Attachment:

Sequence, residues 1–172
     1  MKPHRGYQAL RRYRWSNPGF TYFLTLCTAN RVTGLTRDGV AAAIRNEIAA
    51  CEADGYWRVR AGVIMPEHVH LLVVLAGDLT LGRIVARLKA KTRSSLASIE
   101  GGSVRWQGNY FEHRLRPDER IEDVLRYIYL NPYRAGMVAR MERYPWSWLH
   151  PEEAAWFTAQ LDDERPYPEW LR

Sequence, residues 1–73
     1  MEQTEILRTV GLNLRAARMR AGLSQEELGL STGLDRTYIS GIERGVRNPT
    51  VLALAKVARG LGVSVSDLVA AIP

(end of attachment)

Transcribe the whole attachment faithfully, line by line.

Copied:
Sequence, residues 1–172
     1  MKPHRGYQAL RRYRWSNPGF TYFLTLCTAN RVTGLTRDGV AAAIRNEIAA
    51  CEADGYWRVR AGVIMPEHVH LLVVLAGDLT LGRIVARLKA KTRSSLASIE
   101  GGSVRWQGNY FEHRLRPDER IEDVLRYIYL NPYRAGMVAR MERYPWSWLH
   151  PEEAAWFTAQ LDDERPYPEW LR

Sequence, residues 1–73
     1  MEQTEILRTV GLNLRAARMR AGLSQEELGL STGLDRTYIS GIERGVRNPT
    51  VLALAKVARG LGVSVSDLVA AIP